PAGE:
Down on the urban farm | Community Spirit
Story, photo and video by Jack Ellenberger
Peddling under the soft rays of morning sun, Dylan Tennison winds down Cincinnati’s Central Parkway, his red Raleigh bicycle and deep brown eyes gleaming. Heading downtown to his garden plot, his long chestnut hair is tied, a single loose strand whipping behind his head.
At his plot on the corner of Liberty and Elm Streets, now under the hot and glaring mid-day sun, Tennison harvests his crops. Rainbow chard, French breakfast and cherry belle radishes, six varieties of lettuces, arugula, fresh garlic and Tot soy get picked and cut from the ground, washed, weighed and bundled.
Tennison walks his pounds of produce to the Findlay Market cold storage building two blocks away. It’s an easy way to keep his vegetables fresh before selling them at the market the next day.
His produce can be found in groceries, markets and restaurants throughout the city. He may not be looking over pastoral acres and mending fences, but he plows, plants, waters and worries over his crops like other farmers.
Tennison grew up in Columbia Tusculum until he was 6, when his family moved to North Avondale. He attended the School for Creative and Performing Arts (SCPA) for fine art from 7th until 12th grade and began experimenting with plant cultivation while still a teen.
“The first time I had a garden was my sophomore year of high school, and it was organic all the way through,” Tennison says. He continued his agricultural journey during his senior year of high school when he started a business selling sunflower sprouts at the Northside Farmer’s Market.
After graduating from SCPA, Tennison attended the Cincinnati Art Academy, and during his freshmen year he started his first sustainability project, and business, Cincy Rain Barrels. Teaming up with Park+Vine, Tennison created rain collection barrels that help offset water usage and reduce water bills while using screens to keep water mosquito-free.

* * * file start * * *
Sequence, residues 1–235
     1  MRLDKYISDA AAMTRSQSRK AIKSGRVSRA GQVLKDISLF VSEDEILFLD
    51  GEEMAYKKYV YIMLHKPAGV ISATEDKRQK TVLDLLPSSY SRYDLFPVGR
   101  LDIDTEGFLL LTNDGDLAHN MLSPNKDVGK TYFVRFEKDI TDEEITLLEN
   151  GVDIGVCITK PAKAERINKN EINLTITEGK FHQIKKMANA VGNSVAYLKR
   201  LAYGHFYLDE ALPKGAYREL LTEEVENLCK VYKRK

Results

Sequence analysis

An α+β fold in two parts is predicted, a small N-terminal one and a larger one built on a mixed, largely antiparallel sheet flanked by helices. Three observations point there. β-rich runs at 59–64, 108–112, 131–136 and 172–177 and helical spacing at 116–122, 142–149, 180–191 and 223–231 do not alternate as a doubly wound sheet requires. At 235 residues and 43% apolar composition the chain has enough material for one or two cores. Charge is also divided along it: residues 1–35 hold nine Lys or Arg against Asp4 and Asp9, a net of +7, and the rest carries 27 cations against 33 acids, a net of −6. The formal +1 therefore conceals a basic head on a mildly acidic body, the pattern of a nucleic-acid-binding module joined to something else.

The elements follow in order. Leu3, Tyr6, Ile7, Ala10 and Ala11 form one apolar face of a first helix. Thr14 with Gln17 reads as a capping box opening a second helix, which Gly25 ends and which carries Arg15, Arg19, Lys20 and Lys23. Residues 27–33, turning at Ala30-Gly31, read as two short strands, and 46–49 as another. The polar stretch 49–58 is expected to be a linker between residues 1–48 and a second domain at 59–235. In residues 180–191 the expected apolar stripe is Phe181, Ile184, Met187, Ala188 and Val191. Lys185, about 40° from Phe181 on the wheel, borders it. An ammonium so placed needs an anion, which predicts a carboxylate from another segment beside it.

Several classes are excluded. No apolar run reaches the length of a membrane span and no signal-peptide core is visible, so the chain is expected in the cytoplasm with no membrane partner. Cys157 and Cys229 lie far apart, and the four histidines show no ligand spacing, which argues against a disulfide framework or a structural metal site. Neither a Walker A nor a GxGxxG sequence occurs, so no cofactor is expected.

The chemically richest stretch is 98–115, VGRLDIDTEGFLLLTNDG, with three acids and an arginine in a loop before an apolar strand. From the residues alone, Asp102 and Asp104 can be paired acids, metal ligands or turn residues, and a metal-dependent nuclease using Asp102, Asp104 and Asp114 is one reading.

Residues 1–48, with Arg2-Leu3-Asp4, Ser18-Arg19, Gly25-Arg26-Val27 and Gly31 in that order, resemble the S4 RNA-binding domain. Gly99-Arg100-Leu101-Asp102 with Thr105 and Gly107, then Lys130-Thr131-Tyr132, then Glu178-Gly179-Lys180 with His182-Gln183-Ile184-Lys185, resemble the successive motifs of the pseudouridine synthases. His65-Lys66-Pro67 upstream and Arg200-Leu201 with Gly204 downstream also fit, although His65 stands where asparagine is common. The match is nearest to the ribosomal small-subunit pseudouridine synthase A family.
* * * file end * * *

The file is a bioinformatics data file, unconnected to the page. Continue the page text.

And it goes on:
He used barrels he recycled from a local pickle company. “I try to utilize the resources around me, and my creativity, to make things for people,” he says. “I try to have the least impact on the environment, riding a bike the most I can to deliver things or just deliver myself, and doing things to support people sustaining themselves.”
His sophomore year of college, Tennison began working with his friend Romaine Picasso at Findlay Market Garden plots.
He received grant money from Findlay Market for tools and seeds through the Cultivating Healthy Environments for Farmers program. He in turn sold the produce, and from his plots started his own agricultural organization, Maketewa Family Farms.
“Maketewa was the Native American name for the Mill Creek Valley in which we are situated, so we decided to pay homage to the ancestors of this land and call it Maketewa Family farms,” Tennison says.
The “family” part of the name comes from Tennison’s focus on building a sustainable community. He invited young people in Over-The-Rhine to come into the gardens and help cultivate the land while learning the value of growing food in a safe and open environment.
As Tennison gingerly walks through troughs between his rows of beds, he mirrors the work of farmers for generations, lovingly handling tender sprouts, shading them from the hottest sun, watering when there has been no rain.
He wears leather shoes old enough to let more than just his big toe to protrude from the front. His clothes are brand-less. He toils in the plots, sweating and laughing. The ruckus and turmoil that surround his downtown location don’t faze him; his pride in and love for the crops allow him to rise above distractions.
Now in his third year at Findlay Market Gardens, Tennison grows thousands of plants. He oversees the Findlay Market display and experimental garden, which welcomes volunteers.
He bikes his bundles and bushels north, to the micro-grocery Picnic and Pantry, to the restaurant Melt, and to the Northside Farmer’s Market, all in the neighborhood he now calls home.
While Tennison is away from his garden downtown, he maintains a greenhouse in Northside, and creates multitudes of prints, collages, paintings and carvings. He sells some of his artwork, but doesn’t create to sell as much as to express himself.
In the same way, Tennison views agriculture as more than a way to make money. He sees what he is doing as a vital piece of urban renewal.
“It’s entrepreneurship,” he says. “You can make some money selling your produce, but you’re also more connected with the food. It teaches the youth in the neighborhoods about where there food comes from, overall [making] a positive impact on the urban environment. And that’s it.”
Jack Ellenberger is a journalism student at the University of Cincinnati and on the staff of the department’s New Media Bureau.
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